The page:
Friday, March 28, 2014

Junior Achievement Overview

Communities, both rural and urban, should explore this student-engaged resource to accomplish several goals, e.g.,

  •          Teaching “work readiness, entrepreneurship and financial literacy” 
  •          Involving local business men and women as mentors  
  •          Delivering easy-to-use, interactive , effective learning activities and curriculum  
  •          Offering students a different perspective and other options
Delivering the Junior Achievement lessons gives the business person a platform, e.g., how you lose a job, how you brand yourself, his or her experiences… 

The key piece is the volunteer, i.e., having a real person with the students.

Programs provided: (Several of these will receive separate blog posts for more detail.)
  •          Kindergarten – twelfth grade curricula
  •          JA Job Shadow
  •          JA Investor Challenge
  •          JA BizTown Learning Center, Tulsa (one of 30 in the U. S.)
  •          Finance Park (an "immersive simulation," piloting now, for middle and high schools)
Opportunities for rural areas are endless to pay for curricula, provide volunteers and sponsor a BizTown trip.
  •          A local business or businesses
  •          A foundation-businesses partnership
  •          A school-foundation partnership
Opportunities for urban areas are also endless, but businesses, alone or in partnership, can sponsor and provide curricula for one or more schools. Often in Oklahoma City, a business or partnership of businesses adopts one school and focuses effort there over time.

Examples include Ft. Gibson’s Armstrong Bank, which provides the volunteers and pays for the curricula for grades K-4 and sends the fifth graders to BizTown. In Okmulgee, the community is more involved so a school and foundation partner, too, for K-4 lessons in five elementary sites as well as some high school classes. Stillwater Public Schools sends all of its fifth graders to BizTown annually. Sarkey’s and the Pottawatomie Nation have donated some funding to target rural areas.

Jo Wise with poster from a recent lesson
Curriculum excerpt: To middle school students, Jo Wise recently taught a lesson featuring a donut company. For example, to compare assembly line manufacturing with one-person craftsmanship, students “made” and decorated donuts both ways. What are the pros and cons of each method? 

This series also focuses upon positive and negative qualities of an employee. In the photo, Jo is holding the “How to Keep (or Lose) a Job” poster the students completed. Jo, the director of the Oklahoma City JA office, talked about the curriculum as we looked through the instructor's book and learning activities. All learning strategies are reviewed and updated every three years.

In addition, Jo mentioned the branding interview, which encourages students to begin building their personal brands now. Since students have identified two or three possible careers by this point, she asks them what are they doing now? What can they do through their school careers to build their brands and accomplish goals? Suggestions include joining an organization or group such as scouting or a choir or volunteering for fundraising. A tool for this discussion is a large journey map from childhood to adulthood. 

Borrowing from the programs’ page of the website are these concepts and skills from the six-session JA It's My Future program Jo is teaching:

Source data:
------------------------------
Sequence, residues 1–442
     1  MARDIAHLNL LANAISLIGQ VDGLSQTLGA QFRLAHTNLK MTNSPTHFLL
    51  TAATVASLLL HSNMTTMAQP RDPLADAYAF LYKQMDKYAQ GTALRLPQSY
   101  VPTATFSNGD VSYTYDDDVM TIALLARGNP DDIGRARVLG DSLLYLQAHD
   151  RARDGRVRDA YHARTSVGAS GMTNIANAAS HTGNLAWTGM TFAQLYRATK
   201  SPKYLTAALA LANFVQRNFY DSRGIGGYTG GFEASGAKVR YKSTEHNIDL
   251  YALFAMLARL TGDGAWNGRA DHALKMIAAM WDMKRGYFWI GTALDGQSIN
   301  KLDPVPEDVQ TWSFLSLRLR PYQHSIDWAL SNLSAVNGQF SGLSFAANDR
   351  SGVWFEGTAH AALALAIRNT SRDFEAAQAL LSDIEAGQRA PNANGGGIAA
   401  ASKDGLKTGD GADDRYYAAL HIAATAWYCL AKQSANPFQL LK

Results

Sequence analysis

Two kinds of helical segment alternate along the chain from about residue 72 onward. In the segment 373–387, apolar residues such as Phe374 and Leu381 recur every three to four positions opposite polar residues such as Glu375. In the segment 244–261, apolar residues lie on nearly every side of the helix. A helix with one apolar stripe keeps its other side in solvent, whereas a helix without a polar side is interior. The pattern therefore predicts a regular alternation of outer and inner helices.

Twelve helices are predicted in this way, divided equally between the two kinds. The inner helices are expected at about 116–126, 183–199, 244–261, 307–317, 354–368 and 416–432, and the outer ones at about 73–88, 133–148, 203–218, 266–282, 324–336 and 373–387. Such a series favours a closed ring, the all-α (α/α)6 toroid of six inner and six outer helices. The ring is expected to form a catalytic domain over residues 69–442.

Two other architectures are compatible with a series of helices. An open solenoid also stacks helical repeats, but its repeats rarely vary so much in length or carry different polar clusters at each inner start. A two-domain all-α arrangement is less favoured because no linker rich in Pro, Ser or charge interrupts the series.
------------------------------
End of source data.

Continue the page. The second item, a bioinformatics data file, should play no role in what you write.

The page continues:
Concepts: Brand, Career clusters, Career mapping, Career planning, Employee, High-growth jobs, Interests, Job application, Job forecast, Job hunting, Job interview, Logo, Long-term consequences, Personal brand, Recommendation, Resumes, Short-, middle-, and long-term goals, Skills, Soft skills, Symbolism, Tagline, Technical skills, Working environment
 Skills: Analyzing data, Analyzing information, Categorizing data, Creativity, Following written instructions, Goal-setting, Interviewing, Mapping, Model building, Oral and visual presentation, Oral and written communication, Organizing information, Reading for Understanding, Self-Assessment, Working in pairs and groups    
Course materials similar to what Jo Wise taught and shared.
 Beginning is easy. Within a community, schools and businesses need to talk. Partners can ask schools what in-school or after-school programs they need, and businesses can decide what they are willing to provide. Often schools and businesses without a known partner contact Junior Achievement. If a school calls, the first question is, " Do you have a business to sponsor a few classes, e.g., a bank to sponsor third grade?" Contact JA.

To learn more about the Junior Achievement program descriptions: .
Pricing: Businesses review the fee structure for classes and chooses. Junior Achievement provides materials at cost (no profit). Businesses involved are generous supporters, but JA channels as much funding as possible toward growing programs.

JA Oklahoma’s goal is to reach 52,000 students mentored this year and eventually cover the state. Currently, the organization has the Tulsa and Oklahoma City offices with regions, e.g., Muskogee, Bartlesville and the Cherokee Nation, and works with 67 school districts in 14 counties.

Junior Achievement Success video featuring BizTown Tulsa and Oklahomans

Notes:As of March 19th, 62 Oklahoma City area schools are involved in JA programming. (We did not request the Tulsa area number.)

As of March 5th, 113 days at BizTown had been scheduled by state schools--private, public, parochial, and home.  Depending upon the number of attendees, the facility can accommodate more than one school at a time. Read more about Junior Achievement programs in following posts.

(Belynda Clanton, personal communication, March 12, 2014)
(Jo Wise, personal communication, March 19, 2014)

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